Goddard called it a colony. While the term seems more appropriate for the study of race rather than disability, in the early twentieth century the two discourses were related, both born from a desire to classify and hierarchize humans. Those who occupied Goddard’s colony and those who occupied imperial colonies were both denied agency due to the assumption that the colonized are not developed enough—culturally or cognitively—to produce their own identity. In a study published in 1912, Goddard advocated for investing in colonies "to take care of all the distinctly feebly-minded cases in the community” and to improve the quantifiable intelligence of the human race. Given Goddard’s use of the term “colony,” I have come to think about Arbus’s journeys to Vineland in relation to the primitivist encounters with objects of African cultures by artists like Pablo Picasso in the early twentieth century. Reflecting on his visits to the Musée d’Ethnographie in Paris, Picasso claimed an affinity with the masks he found on display: “I understood; I too am against everything. I too believe that everything is unknown.” Picasso’s art was borne from a problematic identification with the outsider and an experience of being both fascinated and terrified by that status. It was, of course, a status that had everything to do with Picasso and nothing to do with the cultures from which these objects originated. In her career-long search for the flaw, the uncontrolled, authentic essence of a person in front of a camera, Arbus engaged in a similar pursuit. According to letters and those who have mythologized her work, Arbus found exactly what she had been looking for at Vineland—an unbridled freedom, a state of guileless joy that casts aside the common interest of human subjects to control how they appear in front of the camera. “FINALLY” she wrote in an account of Vineland, “what I’ve been searching for.”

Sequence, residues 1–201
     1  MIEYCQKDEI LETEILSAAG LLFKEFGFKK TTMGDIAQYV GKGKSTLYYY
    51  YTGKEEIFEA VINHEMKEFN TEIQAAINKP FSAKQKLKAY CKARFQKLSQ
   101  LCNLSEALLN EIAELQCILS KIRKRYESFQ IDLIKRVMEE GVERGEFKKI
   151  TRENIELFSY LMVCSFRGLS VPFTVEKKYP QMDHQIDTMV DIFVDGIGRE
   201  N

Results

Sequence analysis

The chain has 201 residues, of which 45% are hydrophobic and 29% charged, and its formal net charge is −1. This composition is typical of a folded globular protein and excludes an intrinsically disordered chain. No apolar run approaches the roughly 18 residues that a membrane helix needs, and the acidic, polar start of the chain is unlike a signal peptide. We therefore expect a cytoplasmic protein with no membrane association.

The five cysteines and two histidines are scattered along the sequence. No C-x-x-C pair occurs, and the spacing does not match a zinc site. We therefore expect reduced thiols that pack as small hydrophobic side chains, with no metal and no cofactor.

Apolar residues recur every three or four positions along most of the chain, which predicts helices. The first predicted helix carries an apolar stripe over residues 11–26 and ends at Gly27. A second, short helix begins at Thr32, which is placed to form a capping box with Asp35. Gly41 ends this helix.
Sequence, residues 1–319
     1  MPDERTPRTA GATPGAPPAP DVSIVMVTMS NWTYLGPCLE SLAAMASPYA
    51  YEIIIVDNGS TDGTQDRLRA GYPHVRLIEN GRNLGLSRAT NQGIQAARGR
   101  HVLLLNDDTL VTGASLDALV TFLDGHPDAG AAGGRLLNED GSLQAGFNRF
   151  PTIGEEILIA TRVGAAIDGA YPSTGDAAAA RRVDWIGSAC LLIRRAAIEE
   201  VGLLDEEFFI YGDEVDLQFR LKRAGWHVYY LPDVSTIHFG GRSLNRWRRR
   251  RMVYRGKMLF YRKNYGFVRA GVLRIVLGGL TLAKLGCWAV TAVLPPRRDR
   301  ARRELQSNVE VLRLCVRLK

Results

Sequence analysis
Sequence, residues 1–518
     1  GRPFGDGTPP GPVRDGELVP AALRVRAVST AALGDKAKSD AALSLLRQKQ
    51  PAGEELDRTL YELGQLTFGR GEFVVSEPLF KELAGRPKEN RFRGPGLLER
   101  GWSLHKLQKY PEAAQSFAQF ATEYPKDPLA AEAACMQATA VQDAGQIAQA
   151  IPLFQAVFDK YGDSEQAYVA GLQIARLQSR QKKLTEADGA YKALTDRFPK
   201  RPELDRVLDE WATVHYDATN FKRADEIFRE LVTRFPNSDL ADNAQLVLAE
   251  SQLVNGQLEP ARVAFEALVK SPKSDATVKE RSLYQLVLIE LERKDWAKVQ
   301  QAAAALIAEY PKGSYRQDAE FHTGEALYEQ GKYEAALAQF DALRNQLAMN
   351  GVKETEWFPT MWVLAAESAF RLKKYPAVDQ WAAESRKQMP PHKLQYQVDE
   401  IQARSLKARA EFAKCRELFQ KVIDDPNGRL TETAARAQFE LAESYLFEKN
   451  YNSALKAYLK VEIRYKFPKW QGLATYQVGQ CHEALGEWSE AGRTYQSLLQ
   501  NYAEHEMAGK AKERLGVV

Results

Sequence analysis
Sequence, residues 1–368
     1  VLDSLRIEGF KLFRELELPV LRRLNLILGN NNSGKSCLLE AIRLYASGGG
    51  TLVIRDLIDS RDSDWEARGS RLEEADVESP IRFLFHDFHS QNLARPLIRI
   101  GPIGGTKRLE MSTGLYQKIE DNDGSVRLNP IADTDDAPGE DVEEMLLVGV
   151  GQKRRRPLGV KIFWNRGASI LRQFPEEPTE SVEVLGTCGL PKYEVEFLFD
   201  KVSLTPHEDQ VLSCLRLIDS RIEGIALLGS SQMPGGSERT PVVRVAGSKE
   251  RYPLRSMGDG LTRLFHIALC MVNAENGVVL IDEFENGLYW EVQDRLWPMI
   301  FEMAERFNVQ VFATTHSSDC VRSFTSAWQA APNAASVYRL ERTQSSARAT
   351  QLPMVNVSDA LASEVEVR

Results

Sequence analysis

I cannot tell if all the people in Arbus’s photographs have Down syndrome. Many of the photographs in the Untitled series were taken when Arbus attended a Halloween party at Vineland. The people are wearing costumes, and their homespun masks do not let us see their faces. People with Down syndrome can often be identified by certain physical features, but here those features are replaced with the cutout shapes of brown paper bags. These masks conveniently allow Arbus to avoid addressing her subject explicitly, providing the chance for her and her estate to deny that the photographs represent people with Down syndrome and to avoid taking responsibility for knowing much about the lives and experiences of her subjects. Instead, all her subjects are lumped together into a playful frolic in a natural paradise—a setting and a masking that recall painted scenes of pastoral pleasure, joyful respites from the complexity of modern adult life.